While foil is great for single servings, dedicated grilling surfaces for safe foods are best when preparing larger batches. I use a large, low-walled grill basket with a detachable handle for these purposes. When shopping for one, make sure to measure the internal dimensions of your grill so that you can close the lid with the basket in place, making sure to account for the height of the basket and the curvature of the lid. Baskets are available in non-stick varieties, though those tend to not be dishwasher safe. Ours came from Williams-Sonoma (click here for information) and is dishwasher safe, and I brush it with canola oil each time I use it to prevent sticking.
It is also a wise precaution to have tools and utensils that are reserved for contact with foods free of your targeted allergens. I have also used grilling foil in a pinch when I didn’t have access to a second set of grilling tools, wrapping the end of tongs or a spatula with foil to avoid cross-contamination when cooking safe and unsafe foods at the same time. I use silicone brushes for all brush applications; I find the large bristles to be easier to clean than paintbrush style brushes which gives me greater confidence I am not leaving behind any potential allergens.
Dealing with Soy
Soy is one of the most pernicious allergens; it is everywhere. This is particularly true in grilling applications. Nearly all cooking sprays, even if they don’t use soybean oil as the primary ingredient, use soy lecithin (soy protein) as the propellant. There are, however, several brands of canola and olive oil sprays that do not use additional propellants, including Winona Pure and Bertolli. For grilling purposes, canola oil is better, as its smoke point (400 degrees Fahrenheit) is higher than olive oil (350 degrees). Alternatively, you can brush canola oil directly on the grilling surface.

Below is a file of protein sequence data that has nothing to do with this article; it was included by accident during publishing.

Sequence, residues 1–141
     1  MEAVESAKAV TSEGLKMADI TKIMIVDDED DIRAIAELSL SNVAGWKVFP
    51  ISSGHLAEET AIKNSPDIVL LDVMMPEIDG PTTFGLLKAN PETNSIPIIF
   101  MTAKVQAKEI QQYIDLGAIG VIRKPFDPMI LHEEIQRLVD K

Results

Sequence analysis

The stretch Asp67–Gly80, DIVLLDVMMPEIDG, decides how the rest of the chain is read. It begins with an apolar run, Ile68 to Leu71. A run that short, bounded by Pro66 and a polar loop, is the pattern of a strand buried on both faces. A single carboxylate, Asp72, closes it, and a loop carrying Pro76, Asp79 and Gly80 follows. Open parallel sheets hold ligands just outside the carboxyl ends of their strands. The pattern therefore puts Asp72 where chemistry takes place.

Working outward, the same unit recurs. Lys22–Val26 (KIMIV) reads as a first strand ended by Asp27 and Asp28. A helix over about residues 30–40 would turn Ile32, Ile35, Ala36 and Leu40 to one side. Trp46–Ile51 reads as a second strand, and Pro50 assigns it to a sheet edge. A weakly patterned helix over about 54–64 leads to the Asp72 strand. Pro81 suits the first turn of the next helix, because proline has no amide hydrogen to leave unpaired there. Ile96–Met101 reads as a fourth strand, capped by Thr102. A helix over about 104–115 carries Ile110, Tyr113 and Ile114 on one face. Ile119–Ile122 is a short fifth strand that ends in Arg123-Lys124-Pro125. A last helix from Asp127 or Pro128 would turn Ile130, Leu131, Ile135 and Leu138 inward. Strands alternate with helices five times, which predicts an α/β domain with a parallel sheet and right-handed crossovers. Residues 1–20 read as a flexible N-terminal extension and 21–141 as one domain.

Soybean oil is also a common emulsifier in many commercial seasoning mixes. In our first months of cooking with food allergies, we ruined more than one planned meal by seasoning meat with a mix that included soy. Equally common are seasoning blends that list “natural flavors” among the ingredients. Under current labeling guidelines, this term could be a catch-all for any number of potential allergens and represents a form of food allergy Russian roulette that we choose not to play. Kosher salt, fresh cracked black pepper, and homemade spice mixes do the job just fine. Also, having had limited luck finding barbecue sauces that are free of soy or “natural flavors,” our go-to now is Pickapeppa Sauce, a versatile vinegar-based Jamaican sauce that is terrific brushed on almost any protein.
Hopefully, these tips will prove useful for others looking to accommodate food allergies in their grilling.
If you having any questions or your own solutions, please leave them in the comments below.
Christopher Dye is a university professor by day, but is also well-known and loved in our world for being an incredible food allergy dad He is a very important part of our Food Allergy Arsenal.
Welcome to my new home in the blogosphere! I am so excited to kick things off here and start sharing and exchanging information and ideas about living in our food allergy world. May is going to be an exciting month here, particularly as we celebrate Food Allergy Awareness Week beginning on May 8. FARE (Food Allergy Research and Education) is leading the charge and has ideas and suggestions for making the month of May a big time to raise awareness.
I can’t think of a better time to launch Food Allergy Arsenal. I’ve spent innumerable hours the last three years educating myself, creating recipes, exploring resources, and working my tail off to make my little boy’s life better (learn about my little hero here!). I’ve never wanted the restrictions of his food allergies to get in the way of him enjoying a birthday party. I’ve never wanted my fear of what could happen to get in the way of his happiness and ability to enjoy his childhood. I feel like I’ve created quite the “arsenal” of recipes, ideas, and resources to achieve these goals, all while keeping him healthy, happy, and full!
My dream for Food Allergy Arsenal is that it can be a place where we can all share ideas and tricks for living a food allergy life. I by NO means claim to know it all. I did NOT figure all of this out on my own (I was scared to death for the first six months). I want this to be a place for constructive discussion, recipe exchanges, and cool ideas that could improve quality of life for my child – and yours - even more.
I also know that what works for me may not work for you – that’s the absolute crazy thing about this food allergy life we live…it’s rare for any two situations to be exactly the same. But let’s collaborate and empathize and work together to strengthen and grow our arsenals.
Food Allergy Arsenal is on Facebook, Instagram, Twitter, and Pinterest– we are out there! Find me, introduce yourself, and let’s be friends!